Well, the universe definitely led me to the most beautiful campsite ever on the shore of Flathead Lake in Wayfarer’s State Park near Kalispell, Montana.
My boys and I had the best adventure. And it all started with pulling into the campground on a rainy, grey, Sunday afternoon. It had only been a short drive from Missoula, where we had been so I could find a place for the upcoming school term.
I have been to Flathead Lake before, so I knew where we were going. But we didn’t know what we would find when we arrived at the campground, except that I knew there were some sites that wouldn’t be reserved. After driving along Flathead Lake for the fifteen or twenty minutes it takes to drive down the length of the lake (it’s huge; and clear, and beautiful – not like the lakes around home), we arrived at the entry to Wayfarer’s State Park. Once we were in the campground, I noticed that most sites were taken, but there was the occasional site with an “Available” sticker posted. As we drove up to site no. 10, all three of us were bent forward looking at the large site with the lake in the background. “Oh my God it’s amazing!” I think we all said in unison. The campground is on a hill above the lake, and some of the sites are on the edge of a subtle hill, and most of them surrounded by trees. Site number 10 was such a site, with a view of the lake from the tent pad, and the firepit and picnic table surrounded on three sides: not just with trees, but with Saskatoon berries! Apparently Montanans aren’t interested in Saskatoon berries, because the trees laden with them all around the campground looked virtually untouched.
And I have somehow, miraculously, raised two teenaged boys who love picking berries. I know, weird, right? I guess that`s what happens when you don’t drag them out into a mosquito-plagued berry patch on a hot July day that you could have been swimming over at your friend`s house – 10 years in a row. But I digress.
So after rushing to make our mystical union with site number 10 official with the Camp Host, we began to set up the tent. Again, I have somehow, miraculously, raised two teenaged boys who are helpful setting up camp, and within a couple of hours we were walking about, investigating the alluring foot trails leading off in three directions from our site.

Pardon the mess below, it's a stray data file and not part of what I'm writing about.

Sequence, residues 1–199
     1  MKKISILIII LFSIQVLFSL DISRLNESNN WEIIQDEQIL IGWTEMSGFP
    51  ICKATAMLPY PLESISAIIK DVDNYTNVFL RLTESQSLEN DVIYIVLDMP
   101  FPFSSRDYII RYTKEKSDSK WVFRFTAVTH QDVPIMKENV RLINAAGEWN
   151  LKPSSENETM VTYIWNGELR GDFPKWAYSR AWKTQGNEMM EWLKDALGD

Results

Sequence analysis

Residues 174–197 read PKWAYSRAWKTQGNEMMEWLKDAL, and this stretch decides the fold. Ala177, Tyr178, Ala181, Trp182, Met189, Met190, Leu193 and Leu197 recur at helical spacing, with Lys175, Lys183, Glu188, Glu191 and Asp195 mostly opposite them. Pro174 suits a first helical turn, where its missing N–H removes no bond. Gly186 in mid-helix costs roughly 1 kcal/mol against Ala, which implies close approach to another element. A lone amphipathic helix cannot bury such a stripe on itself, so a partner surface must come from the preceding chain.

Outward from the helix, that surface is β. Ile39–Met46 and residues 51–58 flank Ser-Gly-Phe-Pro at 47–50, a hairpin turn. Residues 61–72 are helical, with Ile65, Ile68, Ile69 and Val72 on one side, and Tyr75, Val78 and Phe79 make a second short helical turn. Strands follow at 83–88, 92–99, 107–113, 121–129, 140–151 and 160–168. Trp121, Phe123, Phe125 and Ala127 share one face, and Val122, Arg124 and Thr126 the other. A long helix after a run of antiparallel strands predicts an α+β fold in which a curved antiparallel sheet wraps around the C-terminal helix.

When we camp, we camp. We have a tent, and a cooler, and a box full of cooking equipment, bug spray, and citronella candles. And that`s about it. And thus began a glorious two days in Bigfork, Montana.
I drove into Bigfork the next morning for a coffee, as the boys were still sleeping (only teenagers can sleep in past 8 in a tent). Bigfork is a quaint, gorgeous town, obviously brimming over with money, from the looks of the “cottages” I drove past. If you have been to Disneyland you will recall what Mainstreet U.S.A. looks like: full of beautiful shop fronts, shops teeming with useless souvenirs, mostly style and not much substance.
Bigfork is like that, but without Walt Disney’s hand with a death grip on your wallet. The downtown has all the obligatory shops in a lake town: watercraft rentals, real estate office, cafes, sporting goods, and outdoorsy clothing shops. I thought I had died and gone to heaven. It made me think “this is what people must be talking about when they talk about how amazing Banff was before it got commercialized.”
So I settled in at one of the cafes, with a fresh-baked blueberry scone and a brewed coffee. They had espresso but it felt like a cuppa-coffee kind of a morning. As it turns out, my waitress was from my home town in Saskatchewan (weird, I know), and we chatted about Saskatoon berries (“Dune” berries in Montana, evidently), and the benefits of living in Montana, and various other things. She bought me my scone, which by the way was the best scone I have ever tasted. The avalanche of coincidences and mystical moments that takes place when I travel to Montana is starting to seem, not normal, but comfortable, to me. So later in the day, when my boys and I went swimming with the couple staying in the campsite across from us, I wasn’t even surprised to learn that their daughter had gotten a Creative Writing degree at the University of Montana. Of course she had. Because that is how small the world really is when you let the universe guide you.
Best. Camping. Trip. Ever.